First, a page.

Hypernatremic dehydration in exclusively breast fed neonates: a clinical study

Shivanagouda J, Gayathri K, Roopa B. N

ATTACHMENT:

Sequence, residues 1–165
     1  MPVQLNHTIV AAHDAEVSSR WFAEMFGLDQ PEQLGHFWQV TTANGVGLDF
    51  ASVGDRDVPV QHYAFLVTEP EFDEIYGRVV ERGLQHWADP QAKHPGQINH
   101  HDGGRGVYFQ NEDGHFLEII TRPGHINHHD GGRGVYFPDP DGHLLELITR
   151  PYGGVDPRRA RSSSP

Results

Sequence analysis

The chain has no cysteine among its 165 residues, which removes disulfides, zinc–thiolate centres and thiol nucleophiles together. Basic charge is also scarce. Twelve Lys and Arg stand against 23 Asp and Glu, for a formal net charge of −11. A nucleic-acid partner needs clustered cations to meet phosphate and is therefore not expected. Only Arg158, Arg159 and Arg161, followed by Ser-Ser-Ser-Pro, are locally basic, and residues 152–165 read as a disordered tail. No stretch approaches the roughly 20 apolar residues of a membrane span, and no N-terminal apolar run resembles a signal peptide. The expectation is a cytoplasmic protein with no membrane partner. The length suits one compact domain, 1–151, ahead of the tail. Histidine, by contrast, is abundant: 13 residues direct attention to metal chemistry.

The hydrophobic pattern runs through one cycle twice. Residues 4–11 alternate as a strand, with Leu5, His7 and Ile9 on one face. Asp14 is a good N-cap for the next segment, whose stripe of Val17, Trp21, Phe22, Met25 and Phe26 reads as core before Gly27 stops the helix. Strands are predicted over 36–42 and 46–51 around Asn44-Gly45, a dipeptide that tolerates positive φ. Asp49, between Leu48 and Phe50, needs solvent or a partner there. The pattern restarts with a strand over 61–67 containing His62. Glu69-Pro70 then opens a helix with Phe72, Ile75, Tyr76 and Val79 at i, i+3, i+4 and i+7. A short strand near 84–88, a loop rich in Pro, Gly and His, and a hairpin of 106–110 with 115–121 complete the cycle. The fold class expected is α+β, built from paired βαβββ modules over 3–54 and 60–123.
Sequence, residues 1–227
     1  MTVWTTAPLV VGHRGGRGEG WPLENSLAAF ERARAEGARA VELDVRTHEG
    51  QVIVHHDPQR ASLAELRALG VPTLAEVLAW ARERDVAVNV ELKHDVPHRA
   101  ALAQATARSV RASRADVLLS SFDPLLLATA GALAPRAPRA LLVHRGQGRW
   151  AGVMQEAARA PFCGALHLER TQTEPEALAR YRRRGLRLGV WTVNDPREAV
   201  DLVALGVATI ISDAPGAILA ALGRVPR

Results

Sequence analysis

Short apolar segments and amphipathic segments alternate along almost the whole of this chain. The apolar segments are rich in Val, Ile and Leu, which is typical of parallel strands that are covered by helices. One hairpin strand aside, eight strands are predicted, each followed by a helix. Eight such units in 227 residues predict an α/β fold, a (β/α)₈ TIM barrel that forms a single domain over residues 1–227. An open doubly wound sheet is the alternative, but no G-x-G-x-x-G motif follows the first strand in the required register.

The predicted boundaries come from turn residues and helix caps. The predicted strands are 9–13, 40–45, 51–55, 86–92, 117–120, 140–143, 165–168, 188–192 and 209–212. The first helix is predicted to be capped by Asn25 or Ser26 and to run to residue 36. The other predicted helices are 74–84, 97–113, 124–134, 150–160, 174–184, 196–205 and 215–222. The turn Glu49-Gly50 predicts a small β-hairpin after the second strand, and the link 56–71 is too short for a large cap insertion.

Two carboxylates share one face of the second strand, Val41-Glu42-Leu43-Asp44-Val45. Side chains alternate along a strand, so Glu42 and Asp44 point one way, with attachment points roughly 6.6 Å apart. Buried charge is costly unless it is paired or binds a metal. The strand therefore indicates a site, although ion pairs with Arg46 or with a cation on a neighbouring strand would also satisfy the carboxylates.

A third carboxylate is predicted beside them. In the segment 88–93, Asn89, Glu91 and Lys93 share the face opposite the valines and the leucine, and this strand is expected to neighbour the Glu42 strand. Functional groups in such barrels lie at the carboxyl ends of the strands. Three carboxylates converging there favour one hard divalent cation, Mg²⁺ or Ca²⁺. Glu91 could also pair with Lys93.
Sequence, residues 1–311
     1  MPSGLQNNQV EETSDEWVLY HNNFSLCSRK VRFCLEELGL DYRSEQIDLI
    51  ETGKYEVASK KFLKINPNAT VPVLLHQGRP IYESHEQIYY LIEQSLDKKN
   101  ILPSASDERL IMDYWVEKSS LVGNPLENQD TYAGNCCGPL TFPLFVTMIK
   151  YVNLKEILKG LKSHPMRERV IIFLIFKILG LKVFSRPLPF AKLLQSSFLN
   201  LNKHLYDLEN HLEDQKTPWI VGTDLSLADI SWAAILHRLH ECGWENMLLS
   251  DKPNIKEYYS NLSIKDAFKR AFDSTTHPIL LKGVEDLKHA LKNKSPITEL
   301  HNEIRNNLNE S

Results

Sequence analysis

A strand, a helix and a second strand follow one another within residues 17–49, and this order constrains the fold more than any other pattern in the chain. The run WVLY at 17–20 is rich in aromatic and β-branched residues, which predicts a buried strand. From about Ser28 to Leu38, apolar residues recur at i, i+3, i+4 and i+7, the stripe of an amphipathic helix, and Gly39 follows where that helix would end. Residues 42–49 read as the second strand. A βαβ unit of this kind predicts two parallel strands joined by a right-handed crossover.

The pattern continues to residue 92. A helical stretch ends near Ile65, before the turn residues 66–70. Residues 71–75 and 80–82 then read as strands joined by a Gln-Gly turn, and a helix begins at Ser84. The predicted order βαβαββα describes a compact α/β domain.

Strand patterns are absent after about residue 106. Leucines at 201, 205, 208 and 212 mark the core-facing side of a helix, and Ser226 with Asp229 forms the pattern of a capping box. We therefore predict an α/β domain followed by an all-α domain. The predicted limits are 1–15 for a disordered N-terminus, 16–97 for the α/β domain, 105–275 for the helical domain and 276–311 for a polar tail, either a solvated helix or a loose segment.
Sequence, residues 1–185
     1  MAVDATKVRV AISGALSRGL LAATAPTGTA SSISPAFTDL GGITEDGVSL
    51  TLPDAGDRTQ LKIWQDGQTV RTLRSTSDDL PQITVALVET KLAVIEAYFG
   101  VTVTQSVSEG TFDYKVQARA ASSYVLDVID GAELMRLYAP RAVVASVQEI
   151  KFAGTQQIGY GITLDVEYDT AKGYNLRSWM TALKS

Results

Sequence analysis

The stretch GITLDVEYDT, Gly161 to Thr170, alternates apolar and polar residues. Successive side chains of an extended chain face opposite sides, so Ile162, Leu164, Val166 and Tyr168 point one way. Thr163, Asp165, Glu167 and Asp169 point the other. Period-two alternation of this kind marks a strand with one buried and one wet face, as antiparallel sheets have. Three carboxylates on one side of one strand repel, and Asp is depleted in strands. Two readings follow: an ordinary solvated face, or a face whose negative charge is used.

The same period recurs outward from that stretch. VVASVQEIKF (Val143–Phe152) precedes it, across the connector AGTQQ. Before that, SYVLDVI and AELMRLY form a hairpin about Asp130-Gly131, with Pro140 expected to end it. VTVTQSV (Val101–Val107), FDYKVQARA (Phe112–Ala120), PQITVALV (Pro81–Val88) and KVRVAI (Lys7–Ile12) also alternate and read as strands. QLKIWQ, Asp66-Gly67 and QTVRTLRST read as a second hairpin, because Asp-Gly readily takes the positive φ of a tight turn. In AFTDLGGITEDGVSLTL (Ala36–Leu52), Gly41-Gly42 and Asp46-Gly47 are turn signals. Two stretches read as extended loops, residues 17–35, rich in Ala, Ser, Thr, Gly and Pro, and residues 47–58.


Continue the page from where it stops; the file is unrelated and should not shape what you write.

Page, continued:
Introduction: Neonatal hypernatremic dehydration is a very serious condition and there has been an increase in the incidence of hypernatremic dehydration in breast fed infants in the first week of life. Hypernatremia in neonates is found to be due to inadequate breast feeding or insufficient milk production. This study was conducted to look at the prevalence, clinical symptoms, signs and risk factors associated with hypernatremia in exclusively breast fed healthy neonates. Methodology: A Retrospective cross-sectional study conducted at KVG Medical College Sullia on 29 neonates with hypernatremic dehydration who were recruited during the period from June 2016 to April 2017. Healthy term neonates with birth weight more than 2.5kg, on exclusive breast feeding were considered for the study. Maternal problems regarding breast feeding were assessed. Serum sodium level more than 145meq/L was considered as hypernatremia in our study. Results: Out of 32 neonates with hypernatremic dehydration, 29 were enrolled in the study as 3 were excluded because of low birth weight. Male babies were affected more than female babies with 16 (55.17%) and 13 (44.83%) respectively. The main presenting features were fever (100%), poor feeding (65.52%) and jaundice (51.72%). The maximum number of babies who had hypernatremic dehydration presented in 46 hours to 60 hours of life (day 2-3). The results showed that the hours of life / day of presentation with hypernatremic dehydration has significant correlation with neonate’s serum sodium concentration (P value <0.05), indicating insufficient milk production in the mother during first few days. According to our study, babies born to primiparous women are more likely to be affected with hypernatraemic dehydration than multiparous women. Conclusion: It is recommended that dehydration and problems related can be considered as prime reason for fever during the first few days of life in low-risk term neonates. Special attention to antenatal care, postnatal care regarding early initiation of breast feeding and careful watch of neonates during the first week of life could decrease the incidence of neonatal hypernatremia.

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